It’s a gentle motion of marking territory:
This
pie
crust
belongs
to
me.
Many times,
if I am making a single-crust pie,
this effort remains hidden,
like wearing your best undies
when you go out to play.
But sometimes…
sometimes
I’ll do a two-crust pie,
and then I get the pay-off:
The aahs.
The oohs.
The how-did-you-do-its?
My crimper is a sacred object.
I rank it high in holiness.
Perhaps it is as holy as –
please don’t laugh –
my bean pot.
Both were gifts from Hazel,
wonderful, funny, austere, searching Hazel,
a city girl
who had learned to navigate country life
but never lost her style or poise.
I was barely in my twenties, and she was …
well she was just a little older than I am now.
I was in training to marry her long-haired poet son,
but I never did.
I’ve always felt
that he would have married me
for my incestuous pie crust alone.
It looked like his mother’s.
It tasted like his mother’s.
But in the end,
pastry was not enough.
I triumphed in pie crust, but I did not win in love.
I excelled in pastry, but I failed in common virtue.
And now I know,
pastry is never enough.
And yet, there are days …
there are days
when nothing will console me,
nothing will hold me,
nothing will soothe my fretful soul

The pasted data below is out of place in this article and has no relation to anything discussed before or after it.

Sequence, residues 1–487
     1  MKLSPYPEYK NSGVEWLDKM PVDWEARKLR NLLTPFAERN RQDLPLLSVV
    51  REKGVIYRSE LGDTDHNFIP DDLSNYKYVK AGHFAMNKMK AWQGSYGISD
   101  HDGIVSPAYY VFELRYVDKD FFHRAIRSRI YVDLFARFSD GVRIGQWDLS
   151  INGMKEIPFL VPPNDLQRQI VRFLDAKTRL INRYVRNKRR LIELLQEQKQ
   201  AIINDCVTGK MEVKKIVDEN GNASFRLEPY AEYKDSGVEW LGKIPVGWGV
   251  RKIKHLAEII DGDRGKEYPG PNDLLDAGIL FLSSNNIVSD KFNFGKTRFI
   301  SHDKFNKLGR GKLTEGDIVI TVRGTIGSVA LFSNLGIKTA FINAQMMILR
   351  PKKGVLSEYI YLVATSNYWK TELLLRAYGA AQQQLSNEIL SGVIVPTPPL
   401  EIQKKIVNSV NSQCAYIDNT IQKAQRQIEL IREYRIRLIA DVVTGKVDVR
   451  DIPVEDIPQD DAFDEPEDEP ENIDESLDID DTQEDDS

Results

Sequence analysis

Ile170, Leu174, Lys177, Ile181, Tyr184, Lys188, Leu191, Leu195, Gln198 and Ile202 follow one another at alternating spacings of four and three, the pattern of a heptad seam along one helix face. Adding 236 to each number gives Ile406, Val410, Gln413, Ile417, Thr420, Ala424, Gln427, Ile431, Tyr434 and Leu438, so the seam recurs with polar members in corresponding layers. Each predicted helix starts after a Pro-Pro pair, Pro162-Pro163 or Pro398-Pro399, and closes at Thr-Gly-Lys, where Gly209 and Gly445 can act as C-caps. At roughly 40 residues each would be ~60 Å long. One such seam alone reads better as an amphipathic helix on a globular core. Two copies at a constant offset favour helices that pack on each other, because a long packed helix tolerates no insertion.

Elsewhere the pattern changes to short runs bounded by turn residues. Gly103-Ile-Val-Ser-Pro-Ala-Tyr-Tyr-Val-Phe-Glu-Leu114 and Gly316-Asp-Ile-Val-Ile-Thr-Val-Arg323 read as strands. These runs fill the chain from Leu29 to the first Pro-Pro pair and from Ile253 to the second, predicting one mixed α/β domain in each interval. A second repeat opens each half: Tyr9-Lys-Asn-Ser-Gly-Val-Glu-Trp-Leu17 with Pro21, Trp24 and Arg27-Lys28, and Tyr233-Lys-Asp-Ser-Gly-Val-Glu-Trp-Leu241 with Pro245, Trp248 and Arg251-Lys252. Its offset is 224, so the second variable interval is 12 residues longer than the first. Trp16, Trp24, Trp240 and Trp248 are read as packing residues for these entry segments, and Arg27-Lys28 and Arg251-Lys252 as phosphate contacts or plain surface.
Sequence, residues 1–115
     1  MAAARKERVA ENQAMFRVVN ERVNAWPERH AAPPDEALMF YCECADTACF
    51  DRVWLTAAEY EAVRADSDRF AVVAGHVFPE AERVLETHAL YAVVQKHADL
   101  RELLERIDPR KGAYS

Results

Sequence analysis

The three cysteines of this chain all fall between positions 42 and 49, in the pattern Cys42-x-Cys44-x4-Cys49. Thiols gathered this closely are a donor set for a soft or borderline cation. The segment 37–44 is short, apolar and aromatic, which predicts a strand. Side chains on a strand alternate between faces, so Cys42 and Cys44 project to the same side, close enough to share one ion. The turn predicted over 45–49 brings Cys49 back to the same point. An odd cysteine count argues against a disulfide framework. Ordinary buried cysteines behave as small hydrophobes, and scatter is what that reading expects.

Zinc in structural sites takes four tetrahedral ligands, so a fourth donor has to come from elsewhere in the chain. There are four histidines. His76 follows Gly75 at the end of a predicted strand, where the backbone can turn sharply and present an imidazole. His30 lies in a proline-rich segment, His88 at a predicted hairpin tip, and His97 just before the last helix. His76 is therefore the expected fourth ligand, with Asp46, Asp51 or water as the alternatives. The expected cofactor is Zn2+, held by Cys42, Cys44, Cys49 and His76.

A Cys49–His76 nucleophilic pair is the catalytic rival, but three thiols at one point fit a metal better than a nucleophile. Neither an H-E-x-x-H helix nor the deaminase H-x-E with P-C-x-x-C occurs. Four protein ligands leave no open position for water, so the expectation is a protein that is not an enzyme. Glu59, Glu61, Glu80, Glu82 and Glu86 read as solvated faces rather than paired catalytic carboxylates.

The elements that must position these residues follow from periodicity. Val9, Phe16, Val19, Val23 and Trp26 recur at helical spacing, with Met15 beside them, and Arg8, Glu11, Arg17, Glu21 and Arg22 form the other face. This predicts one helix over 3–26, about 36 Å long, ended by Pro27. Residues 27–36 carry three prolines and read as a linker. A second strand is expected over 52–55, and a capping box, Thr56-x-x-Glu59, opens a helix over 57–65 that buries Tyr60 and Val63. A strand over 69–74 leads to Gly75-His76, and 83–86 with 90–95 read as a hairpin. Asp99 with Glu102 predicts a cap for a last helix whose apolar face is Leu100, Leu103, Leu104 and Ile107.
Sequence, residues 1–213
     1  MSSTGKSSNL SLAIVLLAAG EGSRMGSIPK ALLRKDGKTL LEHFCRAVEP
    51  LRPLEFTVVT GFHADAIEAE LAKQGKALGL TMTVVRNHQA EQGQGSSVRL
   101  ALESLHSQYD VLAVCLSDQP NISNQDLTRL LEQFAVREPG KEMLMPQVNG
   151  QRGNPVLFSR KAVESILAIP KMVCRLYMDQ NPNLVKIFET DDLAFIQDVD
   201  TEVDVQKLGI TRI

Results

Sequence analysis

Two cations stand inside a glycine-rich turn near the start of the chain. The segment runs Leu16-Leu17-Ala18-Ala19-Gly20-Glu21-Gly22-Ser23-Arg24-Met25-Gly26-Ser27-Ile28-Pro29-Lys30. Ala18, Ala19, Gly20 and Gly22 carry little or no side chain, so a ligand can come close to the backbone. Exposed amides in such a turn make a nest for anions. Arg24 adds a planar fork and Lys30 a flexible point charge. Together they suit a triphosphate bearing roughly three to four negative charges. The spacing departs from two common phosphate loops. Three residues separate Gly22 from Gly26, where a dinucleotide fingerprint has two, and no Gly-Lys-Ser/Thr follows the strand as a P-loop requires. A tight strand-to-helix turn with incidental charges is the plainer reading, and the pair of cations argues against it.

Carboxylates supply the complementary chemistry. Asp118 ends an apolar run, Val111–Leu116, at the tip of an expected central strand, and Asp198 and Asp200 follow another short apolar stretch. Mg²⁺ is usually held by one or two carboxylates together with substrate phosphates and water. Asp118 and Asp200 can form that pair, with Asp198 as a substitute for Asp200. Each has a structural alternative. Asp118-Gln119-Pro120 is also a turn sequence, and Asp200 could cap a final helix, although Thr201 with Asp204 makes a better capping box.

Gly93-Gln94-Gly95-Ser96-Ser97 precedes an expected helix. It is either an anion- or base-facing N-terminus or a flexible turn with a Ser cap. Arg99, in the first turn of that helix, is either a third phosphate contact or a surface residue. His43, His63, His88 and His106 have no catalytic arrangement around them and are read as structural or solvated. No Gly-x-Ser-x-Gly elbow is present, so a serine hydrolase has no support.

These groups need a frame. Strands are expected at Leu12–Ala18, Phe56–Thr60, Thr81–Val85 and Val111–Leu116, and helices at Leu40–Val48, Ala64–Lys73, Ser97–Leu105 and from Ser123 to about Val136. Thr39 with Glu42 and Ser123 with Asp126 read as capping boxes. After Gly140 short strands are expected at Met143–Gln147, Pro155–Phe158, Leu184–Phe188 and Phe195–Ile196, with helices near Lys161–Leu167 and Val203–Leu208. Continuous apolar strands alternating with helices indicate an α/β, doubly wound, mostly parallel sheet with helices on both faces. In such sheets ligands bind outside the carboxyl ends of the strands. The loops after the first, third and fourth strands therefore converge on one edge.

quite like making a pie.
And as for the boy I did not marry,
Well, that really is another story.

Copyright 2000, Barbara Jean Walsh

Vodka in the Pie Crust

Somehow, a chat with Becca, Paul, and Macy this morning went very quickly from ghosts to silly putty to play dough to eating play dough to eating library past to making — of course — pie dough. “The new secret ingredient is vodka” said Paul. So I’ll have something new to try out when I get home. Of course, this means I will have to break into my hurricane supplies to get the vodka, which will make this crust a Category One provisions. (I’m saving The Glenlivet for Category 4, and tequila shots for Category 5. Bourbon for 3 and possibly mojitos for 2. Keep in mind, that I usually do not drink at all, but at different times in life, Hurricane Rules Apply.)

So, here is the Vodka Pie Crust recipe .  .  .  .

Cook’s Illustrated’s Foolproof Pie Dough

When we talked to Cook’s Illustrated publisher Chris Kimball about the November 2007 issue of the magazine, we asked what recipes really stood out in it this year. This pie crust is one of them, he said. “It’s a brilliant recipe,” Kimball said. “The secret ingredient in it? Vodka.”

Foolproof Pie Dough

– makes one 9-inch double-crust pie –

The trick to this pie crust is the inclusion of vodka. Eighty-proof vodka, which is 60 percent water and 40 percent alcohol, adds moistness to the dough without aiding in gluten formation since gluten doesn’t form in ethanol. Although the recipe includes 8 tablespoons of liquid, the alcohol vaporizes during baking, resulting in a tender crust that only contains 6 1/2 tablespoons of water. Because of the extra liquid, the dough will be moister than most standard pie doughs and will require up to 1/4 cup more flour.

Ingredients

2 1/2 cups (12 1/2 ounces) unbleached all-purpose flour
1 teaspoon table salt
2 tablespoons sugar
12 tablespoons (1 1/2 sticks) cold unsalted butter, cut into 1/4-inch slices
1/2 cup cold vegetable shortening, cut into 4 pieces
1/4 cup cold vodka
1/4 cup cold water

Procedure